From AskArt: Born in Carson City, Nevada, Warren Rollins became known as the “Dean of the Santa Fe Art Colony” and was at the height of his career between 1908 and 1928. He was especially skilled at capturing the colors of the Southwest into his paintings.
He first went West as an itinerant sign painter. He trained at the San Francisco School of Design where he briefly served as Assistant Director. In 1887, he settled in San Diego, and during this period, he became interested in Indian subject matter. He and his wife and two daughters then traveled through every Western state from Mexico to Canada, and in Montana, he did a portrait of Calamity Jane. During the sitting, she drank and wept and told him her story, and this portrait, treasured because it was the only one ever done of her, was lost in a fire at the Billings Club.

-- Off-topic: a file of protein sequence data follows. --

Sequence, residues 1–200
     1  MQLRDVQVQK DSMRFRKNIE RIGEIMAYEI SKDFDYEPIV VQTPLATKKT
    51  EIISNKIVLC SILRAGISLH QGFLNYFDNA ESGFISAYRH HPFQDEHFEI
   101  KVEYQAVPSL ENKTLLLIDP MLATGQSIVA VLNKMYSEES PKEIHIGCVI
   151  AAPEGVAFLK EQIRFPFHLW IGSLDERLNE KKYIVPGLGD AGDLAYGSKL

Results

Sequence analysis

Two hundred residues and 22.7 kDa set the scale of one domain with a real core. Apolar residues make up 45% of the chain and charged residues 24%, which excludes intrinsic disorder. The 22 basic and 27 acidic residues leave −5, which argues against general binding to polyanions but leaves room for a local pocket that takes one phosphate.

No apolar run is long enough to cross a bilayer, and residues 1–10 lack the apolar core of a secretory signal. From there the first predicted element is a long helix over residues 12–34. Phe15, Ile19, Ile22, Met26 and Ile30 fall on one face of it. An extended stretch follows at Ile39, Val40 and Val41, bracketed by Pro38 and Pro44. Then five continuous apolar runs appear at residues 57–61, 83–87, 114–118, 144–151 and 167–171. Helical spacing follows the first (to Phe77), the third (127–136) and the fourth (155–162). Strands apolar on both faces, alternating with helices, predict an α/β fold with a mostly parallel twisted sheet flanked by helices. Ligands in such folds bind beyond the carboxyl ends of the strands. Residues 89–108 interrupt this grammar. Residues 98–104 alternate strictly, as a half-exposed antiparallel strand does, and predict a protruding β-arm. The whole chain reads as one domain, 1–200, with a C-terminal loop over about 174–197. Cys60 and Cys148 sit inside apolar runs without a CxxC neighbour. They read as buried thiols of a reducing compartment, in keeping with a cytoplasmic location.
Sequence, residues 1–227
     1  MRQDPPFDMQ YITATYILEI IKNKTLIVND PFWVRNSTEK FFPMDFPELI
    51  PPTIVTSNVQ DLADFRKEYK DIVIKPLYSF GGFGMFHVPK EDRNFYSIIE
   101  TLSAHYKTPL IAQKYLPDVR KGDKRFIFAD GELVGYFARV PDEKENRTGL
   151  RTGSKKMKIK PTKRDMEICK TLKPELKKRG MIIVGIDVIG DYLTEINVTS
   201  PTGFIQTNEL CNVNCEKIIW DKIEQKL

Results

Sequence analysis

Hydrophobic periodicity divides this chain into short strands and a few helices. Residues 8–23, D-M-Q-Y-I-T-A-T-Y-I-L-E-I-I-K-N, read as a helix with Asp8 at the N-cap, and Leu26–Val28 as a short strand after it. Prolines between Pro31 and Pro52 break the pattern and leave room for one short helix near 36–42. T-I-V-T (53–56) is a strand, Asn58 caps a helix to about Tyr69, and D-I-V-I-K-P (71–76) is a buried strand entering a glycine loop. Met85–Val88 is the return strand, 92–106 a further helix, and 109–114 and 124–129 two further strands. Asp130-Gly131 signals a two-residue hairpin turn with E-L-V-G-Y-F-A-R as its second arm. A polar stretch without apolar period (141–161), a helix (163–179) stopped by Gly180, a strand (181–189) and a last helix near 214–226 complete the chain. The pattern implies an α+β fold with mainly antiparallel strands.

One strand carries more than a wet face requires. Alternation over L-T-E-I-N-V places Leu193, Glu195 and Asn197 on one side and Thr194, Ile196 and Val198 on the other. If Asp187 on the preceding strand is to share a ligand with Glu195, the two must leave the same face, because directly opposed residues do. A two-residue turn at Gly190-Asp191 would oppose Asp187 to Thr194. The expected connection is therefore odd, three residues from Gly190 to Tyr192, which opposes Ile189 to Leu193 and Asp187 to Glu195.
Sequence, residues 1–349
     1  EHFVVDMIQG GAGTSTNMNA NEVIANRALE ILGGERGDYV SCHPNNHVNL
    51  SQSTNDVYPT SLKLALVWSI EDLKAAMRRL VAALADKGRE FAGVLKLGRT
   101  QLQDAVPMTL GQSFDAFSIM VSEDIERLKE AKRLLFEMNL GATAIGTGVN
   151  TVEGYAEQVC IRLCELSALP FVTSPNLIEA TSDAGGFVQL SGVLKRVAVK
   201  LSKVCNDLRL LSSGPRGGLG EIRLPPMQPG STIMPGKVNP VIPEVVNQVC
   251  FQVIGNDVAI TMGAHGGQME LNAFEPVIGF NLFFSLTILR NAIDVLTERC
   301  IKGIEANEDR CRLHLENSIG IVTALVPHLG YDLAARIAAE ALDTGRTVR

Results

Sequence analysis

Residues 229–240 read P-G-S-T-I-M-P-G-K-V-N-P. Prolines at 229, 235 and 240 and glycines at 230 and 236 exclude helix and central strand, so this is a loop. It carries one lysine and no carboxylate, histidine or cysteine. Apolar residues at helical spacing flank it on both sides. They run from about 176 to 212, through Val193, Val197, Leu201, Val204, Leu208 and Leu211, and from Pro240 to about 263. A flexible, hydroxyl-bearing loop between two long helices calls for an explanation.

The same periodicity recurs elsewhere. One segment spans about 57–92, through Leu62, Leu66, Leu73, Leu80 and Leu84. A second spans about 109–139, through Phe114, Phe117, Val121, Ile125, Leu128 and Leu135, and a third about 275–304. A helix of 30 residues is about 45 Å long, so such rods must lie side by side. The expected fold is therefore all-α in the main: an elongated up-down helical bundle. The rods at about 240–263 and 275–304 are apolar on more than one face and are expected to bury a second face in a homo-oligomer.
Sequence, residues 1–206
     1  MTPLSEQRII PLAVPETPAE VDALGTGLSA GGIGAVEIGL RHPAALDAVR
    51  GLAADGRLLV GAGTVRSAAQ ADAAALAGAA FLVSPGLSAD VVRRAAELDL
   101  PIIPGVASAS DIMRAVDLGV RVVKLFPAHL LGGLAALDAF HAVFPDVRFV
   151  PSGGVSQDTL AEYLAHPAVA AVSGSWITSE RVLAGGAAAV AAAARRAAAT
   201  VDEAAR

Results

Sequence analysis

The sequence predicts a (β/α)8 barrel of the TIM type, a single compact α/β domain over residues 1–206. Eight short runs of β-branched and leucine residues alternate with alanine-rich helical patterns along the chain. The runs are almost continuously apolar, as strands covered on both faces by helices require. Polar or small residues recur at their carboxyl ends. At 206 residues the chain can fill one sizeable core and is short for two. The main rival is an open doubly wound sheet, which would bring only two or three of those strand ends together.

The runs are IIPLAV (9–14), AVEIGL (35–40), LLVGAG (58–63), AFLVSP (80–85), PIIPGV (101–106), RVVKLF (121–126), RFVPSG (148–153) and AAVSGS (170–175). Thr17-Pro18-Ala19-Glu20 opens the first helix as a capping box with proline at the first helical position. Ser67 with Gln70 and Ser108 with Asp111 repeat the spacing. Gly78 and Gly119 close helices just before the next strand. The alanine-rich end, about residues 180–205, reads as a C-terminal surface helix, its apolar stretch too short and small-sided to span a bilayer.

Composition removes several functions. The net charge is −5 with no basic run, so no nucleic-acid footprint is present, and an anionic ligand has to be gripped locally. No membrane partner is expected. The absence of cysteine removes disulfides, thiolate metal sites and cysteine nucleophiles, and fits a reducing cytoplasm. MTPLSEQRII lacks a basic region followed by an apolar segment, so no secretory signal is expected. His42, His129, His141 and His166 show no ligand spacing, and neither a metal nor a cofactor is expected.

By 1893, he was in Taos, then one of only four Anglo artists there, and he later returned where he had a studio near his close friend, E.I. Couse. In 1900, he spent a year in Arizona painting among the Hopi Indians and later the Navajo and Zuni tribes. The next year he began a commission for two historical paintings of the the Lewis and Clark Exposition. He painted the Grand Canyon so much that Santa Fe Railroad personnel built him a cabin on the rim at Paradise Point. Many of his paintings are in the Railroad collection.
He settled in Santa Fe and earned a prestigious reputation as a teacher of art at the Palace of the Governors. He served as first president of the Santa Fe Art Club. His works were among the earliest to be shown at the new Museum of New Mexico, and his work appeared in about twenty-five exhibitions in Santa Fe between 1916 and 1977. He also did murals for the Museum as well as the post office and Bishops Lodge. He died at the age of 100 in Winslow, Arizona.